Tuesday, August 4, 2009

Cars, Cars, Cars....

As some of you know, cars are sort of a hobby of mine. I really enjoy a nice automobile, but the few years I spent in the car business convinced me that it is an incredible folly to purchase a new car. The depreciation curve is so steep on a new car that it's almost impossible to justify the purchase from an economic standpoint.

For example: In 2000, someone paid about $20,000 for a brand-new Mercury Sable. It's a beautiful car, with leather seats, a power moonroof, premium stereo, CD player, bigger engine and pretty much every luxury option available on that model.

That original owner drove it for two years, put about 30,000 miles on it and then decided to sell it on e-bay. That's where I first saw it, and in October of 2002 I paid $9,200 for it. Subtract $9,200 from $20,000, and you'll see that the original owner paid about $5,400 a year ($20K, minus $9,200 equals $10,800, divided by the two years of ownership) for the privilege of driving a new car.

The car now sits in my driveway, still running strong with about 96,000 miles on it. I've had it for seven years, so my capital cost is about $1,300 a year ($9,200 divided by seven years). That's $4,000 less per year TO DRIVE THE SAME CAR. And that cost will decrease if, as expected, I keep driving it another few years.

(And if the original owner had kept it this entire time, their costs would still be higher. $20,000 divided by nine years is still $2,222 per year.)

The same scenario plays out over and over again, everywhere in the country. Almost any vehicle can be purchased - two years after being sold new - for 60% or less of its original price. And with most cars now built well enough to run to 150,000 miles or more (General Motors products excepted), those first 30,000 miles just don't make much a difference in the amount of time a car can continue to function for you. I may never experience that "new car smell," but I also don't experience the "new car payment." It's a trade-off I'm happy to make.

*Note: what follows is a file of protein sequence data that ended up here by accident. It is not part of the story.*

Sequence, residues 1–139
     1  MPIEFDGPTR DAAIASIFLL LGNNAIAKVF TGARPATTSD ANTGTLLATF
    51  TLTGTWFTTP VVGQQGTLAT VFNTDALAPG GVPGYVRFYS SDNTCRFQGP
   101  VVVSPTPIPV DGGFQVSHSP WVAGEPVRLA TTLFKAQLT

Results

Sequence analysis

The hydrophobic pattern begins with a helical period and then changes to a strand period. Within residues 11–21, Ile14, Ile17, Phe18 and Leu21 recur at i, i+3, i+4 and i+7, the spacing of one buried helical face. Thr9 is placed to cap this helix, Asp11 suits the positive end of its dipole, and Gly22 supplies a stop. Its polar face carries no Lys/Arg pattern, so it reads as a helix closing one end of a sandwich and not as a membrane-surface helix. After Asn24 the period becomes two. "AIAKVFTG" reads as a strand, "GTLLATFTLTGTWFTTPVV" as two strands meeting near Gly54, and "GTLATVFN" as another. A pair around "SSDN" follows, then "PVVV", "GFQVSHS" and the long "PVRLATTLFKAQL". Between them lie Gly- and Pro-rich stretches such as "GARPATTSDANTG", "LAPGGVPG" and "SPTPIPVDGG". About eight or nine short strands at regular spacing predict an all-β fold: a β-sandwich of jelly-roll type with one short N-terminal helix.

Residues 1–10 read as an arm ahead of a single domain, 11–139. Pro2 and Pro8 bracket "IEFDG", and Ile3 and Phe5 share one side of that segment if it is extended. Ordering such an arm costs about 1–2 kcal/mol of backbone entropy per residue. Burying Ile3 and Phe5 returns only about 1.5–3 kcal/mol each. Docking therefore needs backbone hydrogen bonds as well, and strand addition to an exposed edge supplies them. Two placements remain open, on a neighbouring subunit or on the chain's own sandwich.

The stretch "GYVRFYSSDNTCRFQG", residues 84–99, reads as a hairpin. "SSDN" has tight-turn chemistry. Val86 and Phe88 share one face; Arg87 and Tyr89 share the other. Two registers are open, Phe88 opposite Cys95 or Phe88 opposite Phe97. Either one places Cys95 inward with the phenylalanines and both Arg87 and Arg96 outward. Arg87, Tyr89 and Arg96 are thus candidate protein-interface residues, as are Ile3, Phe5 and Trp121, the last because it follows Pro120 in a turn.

Which brings us to the "Cash for Clunkers" program currently underway, in which the government gives you a chunk of cash - $3,500 or $4,500 - to turn in your old vehicle and buy a new car with better gas mileage. This is economic folly on a number of levels, the simplest of which is the fact that the government doesn't just "have" money to give these new-car purchasers. That money was either taken from you and me in taxes, or worse yet, it was borrowed as part of this year's $1.8 trillion deficit.

Secondly, the program requires all of these trade-ins to be destroyed. So, instead of 500,000 or so used cars hitting the used car market, they'll go to the junkyard instead. Basic supply-and-demand tells us that a decrease in the number of available used cars will drive UP the price of the remaining used cars. That makes it more difficult for the people who can't afford a new car - low-income families, college students, two-worker families that need a second vehicle - to purchase one.

Bottom line: We're going to spend about $3 billion of money that is either borrowed, or taken from one taxpayer and given to another, to help people make a purchase that is most likely detrimental to their own financial health, while at the same time making it more difficult for those on the lower economic rungs to afford their transportation needs.

And even the car manufacturers and dealerships who are loving the selling spree aren't really being helped in the long run. By artificially accelerating consumer's buying cycle with "free" money, almost every sale made this year is a sale that WON'T be made next year.

Makes you wonder if any of the people who came up with this program studied basic economics in school.

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